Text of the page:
AUGUST 12-14 – TOUR DE FREDERICK
Explore Frederick County, Maryland, as only the
locals can show you. Ride the legendary covered
bridge route, tackle Sugarloaf if you dare, see many
of Frederick County’s finest sights including wine
tastings, a brewery tour, a special evening at the local
minor league baseball set up just for us, and a gourmet
dinner at the local arts center. Lots more. Space
is limited on this second annual Spokes Magazine
weekend. Call 301-371-5309 or log onto www.spokesmagazine.com
SPIRITED SUNDAY ROAD RIDES
Join the folks of the Bicycle Place, just off Rock Creek
Park, every Sunday morning (beginning at 8:30
a.m.) for a “spirited” 36-40 mile jaunt up to Potomac
and back. This is a true classic road ride that runs
year round. While the pace is kept up, no one is
left behind. No rainy day rides. The Bicycle Place
is located in the Rock Creek Shopping Center, 8313
Grubb Road (just off East-West Highway). Call (301)
588-6160 for details.
BIKES FOR THE WORLD – Collection Schedule
Bikes for the World collects repairable bicycles in the
United States, for donation to charities overseas, for
productive use by those in need of affordable transport.
Note: $10/bike donation suggested to defray
shipping to overseas charity partners. Receipt provided
for all material and cash donations. Bikes for the World
is a sponsored project of the Washington Area Bicyclist
Association, a 501 c 3 non-profit charity. Collections
will take place rain or shine. For further info, visit www.
bikesfortheworld.org or call (703) 525-0931.
Bicycles may also be dropped off for Bikes for the
World during store hours at selected bicycle retailers:
Bikes of Vienna, 128-A Church Street, Vienna VA;
Bob’s Bike Shop, 19961 Fisher Avenue, Poolesville MD;
Race Pace, 8450 Baltimore Natl Pike, Normandy
Shopping Center, Ellicott City MD;
Pedal Pushers, 546 Baltimore & Annapolis Road,
Severna Park MD.
Please remember to leave a $10 donation (check
preferred, payable to “BfW”) with each bike; BfW will
mail you a receipt good for tax purposes.
2 nd annual
August 12-15, 2011
the best of
Visit us on the web at www.tourdefrederick.com for more information!
Chocolate: Is It a “Health Food”?
“Chocolate! I try to stay away from it!!!” commented
my client, a cyclist who described herself as having a
rampant sweet tooth. For her, chocolate fits into the
categories of junk food, guilty pleasure and ruiner
of good intentions to lose weight. Yet, she also recognized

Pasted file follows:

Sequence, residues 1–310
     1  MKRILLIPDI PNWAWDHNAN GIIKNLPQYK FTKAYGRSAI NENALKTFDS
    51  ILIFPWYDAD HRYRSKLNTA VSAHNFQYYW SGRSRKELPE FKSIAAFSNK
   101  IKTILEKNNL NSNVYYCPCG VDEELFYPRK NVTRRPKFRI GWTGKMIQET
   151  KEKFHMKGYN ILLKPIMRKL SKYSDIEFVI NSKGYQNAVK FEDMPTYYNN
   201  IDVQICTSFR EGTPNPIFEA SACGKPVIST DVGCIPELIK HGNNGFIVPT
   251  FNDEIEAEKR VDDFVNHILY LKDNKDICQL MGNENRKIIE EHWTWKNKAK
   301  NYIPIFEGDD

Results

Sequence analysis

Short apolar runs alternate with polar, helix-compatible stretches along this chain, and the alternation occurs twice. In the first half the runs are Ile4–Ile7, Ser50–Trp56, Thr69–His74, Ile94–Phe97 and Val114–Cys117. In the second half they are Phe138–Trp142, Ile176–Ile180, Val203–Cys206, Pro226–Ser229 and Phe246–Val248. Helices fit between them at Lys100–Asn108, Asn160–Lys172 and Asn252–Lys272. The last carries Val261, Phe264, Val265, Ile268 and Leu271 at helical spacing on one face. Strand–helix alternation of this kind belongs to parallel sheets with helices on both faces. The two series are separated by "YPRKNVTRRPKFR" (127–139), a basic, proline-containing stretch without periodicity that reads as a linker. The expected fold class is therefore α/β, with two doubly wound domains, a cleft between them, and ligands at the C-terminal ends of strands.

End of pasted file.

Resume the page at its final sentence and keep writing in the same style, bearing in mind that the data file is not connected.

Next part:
there is potentially a happier side of the story.
Ads for (dark) chocolate suggest chocolate is good
for us. Chocolate comes from plants and contains the
same health-protective compounds that are found in
fruits and vegetables.
So what is the whole story on chocolate? Is it little
more than an alluring form of refined sugar, saturated
fat and empty calories? Or does chocolate (in
moderation, of course) have positive qualities that
might be beneficial for athletes?
Here are some nuggets of information about chocolate.
I'll let you decide whether or not the health benefits
of eating chocolate are greater than the health
costs—and if you personally want to define chocolate
as a “health food” within the context of your own
The bad news is chocolate consists of primarily saturated
fat and sugar. A Hershey's Chocolate Bar (43 g)
contains 210 calories, 24 grams sugar (46% of calories),
13 g total fat (55% of calories) and 8 g saturated
fat, equivalent to a tablespoon of butter. Boo hoo.
(But here's how you can rationalize including this
popular treat in your overall well-balanced sports diet:
The fat in chocolate does not raise bad cholesterol
levels and the sugar (carb) in chocolate fuels your
• People tend to eat chocolate in bursts—a lot in a
day, such as on holidays or pre-menstrually—or none.
The question arises: Would enjoying some chocolate
every day help reduce an athlete's urge to binge-eat
the whole bag of, let's say, M&Ms in a moment of
weakness? That's a good question and one that needs
to be researched. We do know that deprivation and
denial of food contributes to overeating. You know
the syndrome: “I'm starting my diet Monday morning,
so Sunday is my last chance to eat chocolate...” and
there goes the whole bag of M&Ms!
I invite my clients to try taking the “power” away from
chocolate by enjoying a little bit every day, such as
for dessert after lunch. Ideally, daily chocolate could
reduce it to being simply a commonplace plant food,
just like bran cereal, an apple or carrot sticks. Give it
Some athletes claim they are “addicted” to chocolate.
Perhaps “chocolate addicts” grew up in a household
where the parents banned chocolate? Now, as grownups,
maybe they rebel by eating Reece's Pieces by the
bagful? Or are they “super tasters”—and the flavor
of chocolate is just irresistible? Perhaps they have a
genetic difference that makes chocolate highly attractive?